The Dietary Supplement Health and Education Act of 1994
Back in the eighties and nineties, the United States was trying to find a way to boost the effectiveness and power of the Food and Drug Administration (FDA). Several potential bills found their way to Congress in these years, including the Nutrition Advertising Coordination Act of 1991, which took aim at regulating the advertising and product labeling practices of vitamin and dietary supplement manufacturers.
As a result, some large companies that manufactured vitamins and supplements did everything they could to undermine the government’s efforts. They hired lobbyists to try to get the bill shot down, and they launched an extensive advertising campaign to tell the public a half-truth that the FDA planned to entirely ban vitamin and dietary supplements.
After the Nutrition Advertising Coordination Act of 1991 failed, a bipartisan coalition of senators — led by Utah’s Orrin Hatch (a Republican) and Iowa’s Tom Harkin (a Democrat) — launched an effort to pass the Dietary Supplement Health and Education Act of 1994. The bill quickly passed a vote in the Senate and was passed through the House with no objection. On October 25, Bill Clinton signed it, making it legally enforceable.
So, what exactly did the Dietary Supplement Health and Education Act of 1994 do? Most importantly, the Act laid out a strict definition of what does and does not qualify as a dietary supplement. Specifically, it dictated that a “dietary supplement” had to include at least one ingredient that actually supplements the user’s diet. For example, ingredients like vitamins, minerals, amino acids, herbs, and other botanicals met the Act’s definition.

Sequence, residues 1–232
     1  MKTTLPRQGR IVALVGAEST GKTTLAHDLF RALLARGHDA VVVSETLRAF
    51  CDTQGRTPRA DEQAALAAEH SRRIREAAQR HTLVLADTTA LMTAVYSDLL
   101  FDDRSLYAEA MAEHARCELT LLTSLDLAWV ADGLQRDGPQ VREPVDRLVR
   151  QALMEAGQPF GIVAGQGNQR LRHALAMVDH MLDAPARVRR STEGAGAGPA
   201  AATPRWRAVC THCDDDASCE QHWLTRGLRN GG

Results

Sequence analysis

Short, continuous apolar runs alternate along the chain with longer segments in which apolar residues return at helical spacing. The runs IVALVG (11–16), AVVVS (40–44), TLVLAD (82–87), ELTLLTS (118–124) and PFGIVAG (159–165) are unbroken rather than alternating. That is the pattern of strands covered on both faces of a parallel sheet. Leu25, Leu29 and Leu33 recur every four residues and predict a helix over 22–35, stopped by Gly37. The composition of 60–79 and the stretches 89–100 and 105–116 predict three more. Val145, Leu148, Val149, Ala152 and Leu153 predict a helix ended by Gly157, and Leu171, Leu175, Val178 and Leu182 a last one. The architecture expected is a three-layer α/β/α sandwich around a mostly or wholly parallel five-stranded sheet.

In addition, the Dietary Supplement Health and Education Act of 1994 introduced guidelines for the proper labeling of dietary supplements. This included clearly labeling the product as a supplement that is meant to be ingested while differentiating the product from actual foods.
The Act introduced requirements for a broad selection of information to appear on the label of a supplement product. For instance, the label must include the word “supplement,” indicate the number of pills (or capsules, tablets, gummies, etc.) inside the bottle, and provide a “supplement facts” label indicating serving sizes and percentage daily values (just like nutrition facts labels for food products).
These requirements also include indicating which part of a plant was used to create botanical products, the name of the manufacturer, the location where the supplement was manufactured, a list detailing every single ingredient in the supplement (using their common names, not scientific designators), information about any potential issues that could arise from using the product, and any other information the manufacturer deems relevant.
Furthermore, the Act specified that every vitamin and dietary supplement pill bottle includes the following disclaimer, word for word, if the supplement claims to improve the user’s wellbeing: “This statement has not been evaluated by the Food and Drug Administration. This product is not intended to diagnose, treat, cure, or prevent any disease.”
The other major development of the Dietary Supplement Health and Education Act was the fact that it established regulations for marketing dietary supplements as drugs. The Act dictated that dietary supplements can only be marketed as food products.
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